The ASVspoof challenge series was born to spearhead research in anti-spoofing for automatic speaker verification (ASV). The two challenge editions in 2015 and 2017 involved the assessment of spoofing countermeasures (CMs) in isolation from ASV using an equal error rate (EER) metric. While a strategic approach to assessment at the time, it has certain shortcomings. First, the CM EER is not necessarily a reliable predictor of performance when ASV and CMs are combined. Second, the EER operating point is ill-suited to user authentication applications, e.g. telephone banking, characterised by a high target user prior but a low spoofing attack prior. We aim to migrate from CM- to ASV-centric assessment with the aid of a new tandem detection cost function (t-DCF) metric. It extends the conventional DCF used in ASV research to scenarios involving spoofing attacks. The t-DCF metric has 6 parameters: (i) false alarm and miss costs for both systems, and (ii) prior probabilities of target and spoof trials (with an implied third, nontarget prior). The study is intended to serve as a self-contained, tutorial-like presentation. We analyse with the t-DCF a selection of top-performing CM submissions to the 2015 and 2017 editions of ASVspoof, with a focus on the spoofing attack prior. Whereas there is little to choose between countermeasure systems for lower priors, system rankings derived with the EER and t-DCF show differences for higher priors. We observe some ranking changes. Findings support the adoption of the DCF-based metric into the roadmap for future ASVspoof challenges, and possibly for other biometric anti-spoofing evaluations.
Moore's law has driven silicon chip circuitry to the point where we are surrounded by devices equipped with microprocessors. The devices are frequently wonderful; communicating with them – not so much. Pressing buttons on smart devices or keyboards is often clumsy and never the method of choice when effective voice communication is possible. The keyword in the previous sentence is "effective". Technology has advanced to the point where we are in the early stages of being able to communicate with our devices using voice recognition.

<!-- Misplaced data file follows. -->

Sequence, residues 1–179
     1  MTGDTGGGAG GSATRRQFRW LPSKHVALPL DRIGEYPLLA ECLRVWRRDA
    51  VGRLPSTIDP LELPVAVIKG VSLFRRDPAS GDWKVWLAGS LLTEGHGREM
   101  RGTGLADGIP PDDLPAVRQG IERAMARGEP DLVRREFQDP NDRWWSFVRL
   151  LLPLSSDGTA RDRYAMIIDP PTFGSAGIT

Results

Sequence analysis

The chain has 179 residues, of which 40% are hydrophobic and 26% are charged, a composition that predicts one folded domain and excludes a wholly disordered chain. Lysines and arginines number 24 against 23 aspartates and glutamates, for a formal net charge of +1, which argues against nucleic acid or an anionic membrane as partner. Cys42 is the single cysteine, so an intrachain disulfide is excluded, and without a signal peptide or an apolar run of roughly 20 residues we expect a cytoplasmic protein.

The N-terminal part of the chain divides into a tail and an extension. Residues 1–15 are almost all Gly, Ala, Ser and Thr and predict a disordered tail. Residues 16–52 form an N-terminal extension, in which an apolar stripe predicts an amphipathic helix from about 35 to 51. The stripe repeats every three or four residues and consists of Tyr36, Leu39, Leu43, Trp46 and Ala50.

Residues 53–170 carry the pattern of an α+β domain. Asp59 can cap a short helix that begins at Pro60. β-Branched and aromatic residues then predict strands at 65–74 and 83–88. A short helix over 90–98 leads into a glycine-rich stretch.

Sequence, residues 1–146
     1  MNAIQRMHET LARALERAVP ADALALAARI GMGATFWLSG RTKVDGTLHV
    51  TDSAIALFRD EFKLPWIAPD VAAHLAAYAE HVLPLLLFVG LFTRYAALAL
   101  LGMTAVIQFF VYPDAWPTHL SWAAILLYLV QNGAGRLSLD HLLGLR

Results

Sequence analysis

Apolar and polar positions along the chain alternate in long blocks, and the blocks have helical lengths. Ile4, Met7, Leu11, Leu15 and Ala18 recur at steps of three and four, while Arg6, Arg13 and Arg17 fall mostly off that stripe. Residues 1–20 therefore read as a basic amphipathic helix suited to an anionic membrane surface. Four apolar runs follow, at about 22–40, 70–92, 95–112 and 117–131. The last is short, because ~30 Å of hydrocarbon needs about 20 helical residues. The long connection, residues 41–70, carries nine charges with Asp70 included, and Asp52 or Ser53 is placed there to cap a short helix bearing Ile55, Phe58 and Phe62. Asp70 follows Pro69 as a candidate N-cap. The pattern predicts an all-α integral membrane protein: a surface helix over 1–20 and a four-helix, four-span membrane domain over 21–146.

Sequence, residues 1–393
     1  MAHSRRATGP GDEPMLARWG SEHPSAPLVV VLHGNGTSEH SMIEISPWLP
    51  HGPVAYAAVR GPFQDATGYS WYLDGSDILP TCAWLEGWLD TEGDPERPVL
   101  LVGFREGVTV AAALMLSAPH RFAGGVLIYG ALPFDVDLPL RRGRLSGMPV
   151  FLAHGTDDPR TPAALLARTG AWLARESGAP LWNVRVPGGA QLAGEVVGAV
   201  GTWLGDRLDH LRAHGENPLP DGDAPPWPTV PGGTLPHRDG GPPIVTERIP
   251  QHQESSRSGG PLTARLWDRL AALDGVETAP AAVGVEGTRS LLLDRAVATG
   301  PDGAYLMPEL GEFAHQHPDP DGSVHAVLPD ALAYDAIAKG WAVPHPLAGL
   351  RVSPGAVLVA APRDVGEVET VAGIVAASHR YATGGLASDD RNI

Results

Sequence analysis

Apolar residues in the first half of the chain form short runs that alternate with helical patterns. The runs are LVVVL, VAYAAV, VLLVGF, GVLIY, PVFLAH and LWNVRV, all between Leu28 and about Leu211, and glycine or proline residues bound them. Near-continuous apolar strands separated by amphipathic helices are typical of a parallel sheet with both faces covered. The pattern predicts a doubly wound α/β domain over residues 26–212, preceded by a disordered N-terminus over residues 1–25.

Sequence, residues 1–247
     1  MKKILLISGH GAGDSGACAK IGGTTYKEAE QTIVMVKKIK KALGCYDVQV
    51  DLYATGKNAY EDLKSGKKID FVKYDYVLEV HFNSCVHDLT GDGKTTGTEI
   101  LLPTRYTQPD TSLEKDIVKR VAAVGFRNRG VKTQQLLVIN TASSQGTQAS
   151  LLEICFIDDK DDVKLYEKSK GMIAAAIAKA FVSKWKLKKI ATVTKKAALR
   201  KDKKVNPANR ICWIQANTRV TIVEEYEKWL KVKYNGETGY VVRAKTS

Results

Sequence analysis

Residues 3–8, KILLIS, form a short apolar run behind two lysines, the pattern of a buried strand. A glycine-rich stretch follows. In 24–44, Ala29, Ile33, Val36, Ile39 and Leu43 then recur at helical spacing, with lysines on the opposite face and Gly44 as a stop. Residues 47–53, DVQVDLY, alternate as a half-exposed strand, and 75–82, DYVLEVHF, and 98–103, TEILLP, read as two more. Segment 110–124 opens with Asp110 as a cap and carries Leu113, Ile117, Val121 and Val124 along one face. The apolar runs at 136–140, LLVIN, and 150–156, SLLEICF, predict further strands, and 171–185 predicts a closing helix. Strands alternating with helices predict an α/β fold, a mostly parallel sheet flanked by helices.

Decades of research in artificial intelligence (AI) have produced formidable technologies that are providing immense benefit to industry, government, and society. AI systems can now translate across multiple languages, identify objects in images and video, streamline manufacturing processes, and control cars. The deployment of AI systems has not only created a trillion-dollar industry that is projected to quadruple in three years, but has also exposed the need to make AI systems fair, explainable, trustworthy, and secure. Future AI systems will rightfully be expected to reason effectively about the world in which they (and people) operate, handling complex tasks and responsibilities effectively and ethically, engaging in meaningful communication, and improving their awareness through experience. Achieving the full potential of AI technologies poses research challenges that require a radical transformation of the AI research enterprise, facilitated by significant and sustained investment. These are the major recommendations of a recent community effort coordinated by the Computing Community Consortium and the Association for the Advancement of Artificial Intelligence to formulate a Roadmap for AI research and development over the next two decades.
PayPal may be looking into voice recognition to enable more digital commerce use cases in the near future, if a new post-MWC blog post offers any hints. Looking back on last week's event -- for which we featured extensive firsthand coverage -- PayPal Head of Global Initiatives Anuj Nayar notes two dominant trends. One is the Internet of Things, including new connected car technologies like PayPal's new car commerce feature with Shell and Jaguar (and Apple). The other, as Nayar puts it, is "conversational commerce." Looking at emerging digital commerce opportunities in areas like virtual reality, connected appliances, and even drones, Nayar asserts that it "won't be convenient or realistic to pull out a credit card or punch in your information in any of these scenarios".